What is the Psoas Muscle Release?

Adrienne constructive rest poseThe psoas (so-as) is a large pair of muscles between the pelvis and the ribs, that wrap like cradling wings around to the front of the pelvis and drop down to attach at the lower end to the top of the thigh bone. They help us walk upright and support our abdominal organs. The tone of the large psoas can have an effect on the descent of the baby and even fetal position.

The Psoas Muscle Release, or Psoas Resolution, was developed by Liz Koch. I’m really excited about her work, and she teaches some of her hands-on techniques over at her site, Core Awareness.


Why do the Psoas Muscle Release?

…why is the Psoas so important during pregnancy, birth and postpartum? Because for a woman, her pelvis is the cradle of civilization. It needs to be lush, centered, and dynamic. The Psoas, spoken of as the muscle of the soul in Daoist healing traditions, holds the key for accessing instinctual wisdom so essential for a resilient natural birth process.

On a very functional level, maintaining or regaining a healthy Psoas relieves or eliminates low back and leg pains, opens and centers the pelvis and hips, and can help you avoid induction. On every level understanding the message of the Psoas resolves the fears of birthing and empowers babies to emerge whole-hearted.

–Liz Koch

A short psoas is associated with tightness in breath, upset stomachs, constipation, fetal engagement, and descent. A tight psoas muscle pair keeps the baby high.

A long labor can relax the psoas, as may an epidural, but why not improve your body’s balance by relaxing your psoas in pregnancy? A longer, more supple psoas is one of several factors that helps the baby engage at 38 weeks gestation.


How to do the Psoas Muscle Release

We “release” tension stored in the psoas for optimal body function. Liz Koch calls it hydrating the psoas or “unraveling” it. Watch the video below to see how she unravels the psoas using a simple wooden chair!

Unraveling The Psoas Muscle On Land - Using A Chair

You’ll learn a lot from listening to Liz narrate this adventure.

There are several ways of doing a psoas release. Here is another simple one that is easy to learn.

Lie on your back with your feet on a chair so that your calves are at a 90-degree angle to your thighs. Your thighs should be straight up and down and your calves horizontal. After five minutes, roll to your side and get up slowly.

One day you will notice that your lower back relaxes enough so that the space between your lower back and the floor disappears. Just don’t force your lower back to touch the floor, but wait until it happens on its own. Then repeat this daily as much as you can, but for five minutes at a time.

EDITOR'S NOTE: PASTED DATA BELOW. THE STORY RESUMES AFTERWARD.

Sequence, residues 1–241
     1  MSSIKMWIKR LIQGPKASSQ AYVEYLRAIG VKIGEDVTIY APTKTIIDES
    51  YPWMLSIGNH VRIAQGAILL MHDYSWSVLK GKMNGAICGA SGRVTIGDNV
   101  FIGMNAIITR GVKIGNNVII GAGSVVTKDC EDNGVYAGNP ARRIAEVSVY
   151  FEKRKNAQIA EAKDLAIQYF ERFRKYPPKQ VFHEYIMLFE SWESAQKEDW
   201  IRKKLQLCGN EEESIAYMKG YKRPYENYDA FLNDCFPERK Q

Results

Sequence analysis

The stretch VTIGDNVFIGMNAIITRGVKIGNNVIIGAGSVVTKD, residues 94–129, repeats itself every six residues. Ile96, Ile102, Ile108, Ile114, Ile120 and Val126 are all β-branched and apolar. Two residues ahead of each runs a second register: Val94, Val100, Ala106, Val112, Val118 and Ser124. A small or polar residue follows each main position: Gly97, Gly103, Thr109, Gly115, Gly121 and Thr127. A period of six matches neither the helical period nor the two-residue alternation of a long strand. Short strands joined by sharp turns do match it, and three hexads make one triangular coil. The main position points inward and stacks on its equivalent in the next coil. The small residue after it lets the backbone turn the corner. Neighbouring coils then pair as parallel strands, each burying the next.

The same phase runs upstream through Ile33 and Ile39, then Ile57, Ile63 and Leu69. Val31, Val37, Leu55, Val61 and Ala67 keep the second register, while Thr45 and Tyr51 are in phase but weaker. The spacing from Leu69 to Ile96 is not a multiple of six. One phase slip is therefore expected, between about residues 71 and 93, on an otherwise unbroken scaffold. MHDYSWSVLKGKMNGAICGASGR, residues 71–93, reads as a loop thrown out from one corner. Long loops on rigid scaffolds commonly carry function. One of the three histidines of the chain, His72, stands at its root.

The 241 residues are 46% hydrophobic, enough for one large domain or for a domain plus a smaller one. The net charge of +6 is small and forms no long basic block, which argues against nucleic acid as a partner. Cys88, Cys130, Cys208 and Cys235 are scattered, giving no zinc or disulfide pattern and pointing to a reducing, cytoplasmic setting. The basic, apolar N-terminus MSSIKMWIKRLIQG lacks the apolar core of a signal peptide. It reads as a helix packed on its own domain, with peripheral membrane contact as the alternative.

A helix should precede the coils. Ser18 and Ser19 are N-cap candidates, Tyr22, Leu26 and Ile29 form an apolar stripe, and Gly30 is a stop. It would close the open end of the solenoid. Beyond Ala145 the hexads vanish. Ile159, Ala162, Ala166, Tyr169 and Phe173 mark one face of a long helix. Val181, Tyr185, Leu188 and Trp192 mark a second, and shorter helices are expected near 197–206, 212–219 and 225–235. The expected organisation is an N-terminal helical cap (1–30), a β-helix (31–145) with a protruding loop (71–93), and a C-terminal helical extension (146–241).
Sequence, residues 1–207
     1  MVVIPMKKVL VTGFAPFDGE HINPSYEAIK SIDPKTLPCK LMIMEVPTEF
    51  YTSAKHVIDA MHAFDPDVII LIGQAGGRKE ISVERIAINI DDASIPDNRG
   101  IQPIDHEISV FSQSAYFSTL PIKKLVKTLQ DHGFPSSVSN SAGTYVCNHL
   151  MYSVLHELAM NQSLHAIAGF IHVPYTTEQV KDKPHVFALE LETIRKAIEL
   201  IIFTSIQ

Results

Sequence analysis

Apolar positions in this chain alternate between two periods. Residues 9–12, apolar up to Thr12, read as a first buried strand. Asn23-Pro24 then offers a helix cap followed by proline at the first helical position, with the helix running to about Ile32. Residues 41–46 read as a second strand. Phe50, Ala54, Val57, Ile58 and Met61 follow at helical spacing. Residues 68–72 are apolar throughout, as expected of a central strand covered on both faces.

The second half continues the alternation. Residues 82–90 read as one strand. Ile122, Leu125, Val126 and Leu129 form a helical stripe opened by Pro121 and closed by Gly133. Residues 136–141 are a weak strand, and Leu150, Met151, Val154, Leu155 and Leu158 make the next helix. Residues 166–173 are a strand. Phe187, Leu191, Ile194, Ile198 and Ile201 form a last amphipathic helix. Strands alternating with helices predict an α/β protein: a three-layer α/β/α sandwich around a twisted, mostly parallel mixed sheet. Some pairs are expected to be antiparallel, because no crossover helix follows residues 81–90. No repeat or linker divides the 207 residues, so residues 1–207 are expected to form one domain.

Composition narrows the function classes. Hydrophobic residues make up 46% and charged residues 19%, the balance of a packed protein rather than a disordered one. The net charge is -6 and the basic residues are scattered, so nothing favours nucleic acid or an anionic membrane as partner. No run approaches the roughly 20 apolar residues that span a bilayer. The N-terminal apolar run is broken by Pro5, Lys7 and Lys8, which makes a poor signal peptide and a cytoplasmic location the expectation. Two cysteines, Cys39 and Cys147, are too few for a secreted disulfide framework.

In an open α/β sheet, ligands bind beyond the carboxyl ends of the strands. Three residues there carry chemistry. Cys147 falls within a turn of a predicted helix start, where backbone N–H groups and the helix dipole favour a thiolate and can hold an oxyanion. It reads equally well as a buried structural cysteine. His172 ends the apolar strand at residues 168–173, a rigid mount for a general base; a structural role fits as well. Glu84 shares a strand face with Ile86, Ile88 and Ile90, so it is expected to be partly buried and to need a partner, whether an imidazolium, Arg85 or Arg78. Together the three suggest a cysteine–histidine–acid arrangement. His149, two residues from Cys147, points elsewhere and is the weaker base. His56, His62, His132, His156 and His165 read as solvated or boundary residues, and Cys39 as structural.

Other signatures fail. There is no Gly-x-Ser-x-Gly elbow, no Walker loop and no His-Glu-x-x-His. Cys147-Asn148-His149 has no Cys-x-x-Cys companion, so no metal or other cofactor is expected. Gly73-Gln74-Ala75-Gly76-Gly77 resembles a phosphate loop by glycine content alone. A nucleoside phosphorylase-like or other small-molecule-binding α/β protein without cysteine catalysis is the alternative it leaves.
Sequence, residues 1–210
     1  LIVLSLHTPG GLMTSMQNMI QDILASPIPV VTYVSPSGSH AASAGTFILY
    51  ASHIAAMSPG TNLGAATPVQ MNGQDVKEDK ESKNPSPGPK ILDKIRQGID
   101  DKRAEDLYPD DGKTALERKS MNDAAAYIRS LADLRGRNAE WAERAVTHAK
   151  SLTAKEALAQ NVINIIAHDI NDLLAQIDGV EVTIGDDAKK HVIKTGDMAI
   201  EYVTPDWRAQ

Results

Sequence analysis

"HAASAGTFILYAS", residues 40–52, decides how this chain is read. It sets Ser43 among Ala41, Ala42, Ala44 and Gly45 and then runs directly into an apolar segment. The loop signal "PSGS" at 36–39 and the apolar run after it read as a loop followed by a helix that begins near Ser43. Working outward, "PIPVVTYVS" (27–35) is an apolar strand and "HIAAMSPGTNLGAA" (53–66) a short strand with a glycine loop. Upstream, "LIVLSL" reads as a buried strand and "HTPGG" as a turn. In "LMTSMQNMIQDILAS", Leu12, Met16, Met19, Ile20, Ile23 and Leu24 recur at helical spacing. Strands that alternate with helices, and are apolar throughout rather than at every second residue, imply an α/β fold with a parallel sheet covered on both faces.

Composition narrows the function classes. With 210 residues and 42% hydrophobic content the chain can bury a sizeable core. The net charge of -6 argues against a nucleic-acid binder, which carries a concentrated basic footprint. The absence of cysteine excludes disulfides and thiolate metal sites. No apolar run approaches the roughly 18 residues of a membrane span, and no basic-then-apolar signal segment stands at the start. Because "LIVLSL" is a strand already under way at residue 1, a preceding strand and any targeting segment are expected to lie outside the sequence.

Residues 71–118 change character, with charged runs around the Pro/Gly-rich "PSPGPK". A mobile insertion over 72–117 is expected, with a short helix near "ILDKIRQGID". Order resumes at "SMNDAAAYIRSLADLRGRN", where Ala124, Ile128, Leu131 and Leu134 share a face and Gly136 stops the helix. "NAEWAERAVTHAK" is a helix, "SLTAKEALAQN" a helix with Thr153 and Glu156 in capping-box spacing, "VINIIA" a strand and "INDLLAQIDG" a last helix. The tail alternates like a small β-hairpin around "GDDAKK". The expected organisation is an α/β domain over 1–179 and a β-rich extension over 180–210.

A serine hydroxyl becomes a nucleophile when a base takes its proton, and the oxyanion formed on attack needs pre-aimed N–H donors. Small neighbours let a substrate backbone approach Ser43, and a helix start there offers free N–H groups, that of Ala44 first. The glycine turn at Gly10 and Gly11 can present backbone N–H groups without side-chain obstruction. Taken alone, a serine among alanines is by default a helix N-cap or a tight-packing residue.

Do this if:

  • You have constipation
  • There’s a lack of engagement of the baby’s head after 38 weeks
  • You’ve had a previous long labor
  • This is your first birth
  • You have a history of sexual or emotional abuse
  • You have a desk job, or do lots of sitting (including driving)
  • It’s hard to stand up tall

Don’t do this if:

  • Any time on your back is not possible. Roll over to your side if you feel unwell while doing this. Remember, you spend 5 minutes on your back for a prenatal exam. This 5 minutes will be ok!

Please note: Do you have a hard time lying down? Your lunges, when done properly, will help your psoas too. As will daily brisk walking, breathing deeply, and letting your belly relax. Kneeling lunges, standing forward lunges, and sitting with your knees lower than your hips helps lengthen your psoas as well. Basically any activities that arch your body backwards from your leg socket will help. Drink lots of water to hydrate your psoas or the stretches won’t find a muscle with mobility.

How to do the Psoas Stretch

Two great psoas muscles come down from the spine, beneath the level of the ribs and respiratory diaphragm to the lower lumbar spine, and each one angles forward over the pelvis, draping over the leg socket and attaching to the lesser trochanter.

Gentle stretching (as pictured) seems widely okay. Liz Koch recommends not to massage the psoas directly. Fascia therapy and self care are preferred.

Do this for at least 3 minutes or longer if the helper’s arms remain comfortable supporting you.

How to sit to lengthen the psoas

There are several activities, as well as generally good posture and breathing, that help release the psoas.

Sitting with your knees lower than your hips is a really good way to allow the psoas to lengthen. Here’s a picture of Liz Koch giving Gail a lesson in sitting on a bolster.


When should you do it?

You can do these at any time—in pregnancy, during labor, before pregnancy, after pregnancy, etc.

 Liz Koch giving Gail a lesson in sitting on a bolster

When should you not do it?

I can’t think of any time not to!


Before a Psoas Release

Before doing any of these exercises, find a peaceful moment to set up a little space and time to do them without a busy mind distracting you from your perceptions.

After a Psoas Release

After doing these exercises, you will feel more relaxed and centered. Keep your breath flowing and repeat the exercises as needed. A resolved psoas is life changing as well as advantageous for the pregnant and birthing woman.

Further reading

Check out this link to Collette Crawford interviewing Liz Koch and keep an eye out for a shout-out to Spinning Babies®!

Also, here’s a link to Liz Koch’s favorite Yoga activities for releasing the psoas.

Daily Essentials
Daily Essentials can be practiced daily throughout pregnancy to help bring balance and comfort — and an easier, shorter birth.
Spinning Babies® Parent Class
Spinning Babies® Parent Class provides clear instructions on how to use Spinning Babies® for a more comfortable and confident pregnancy and labor.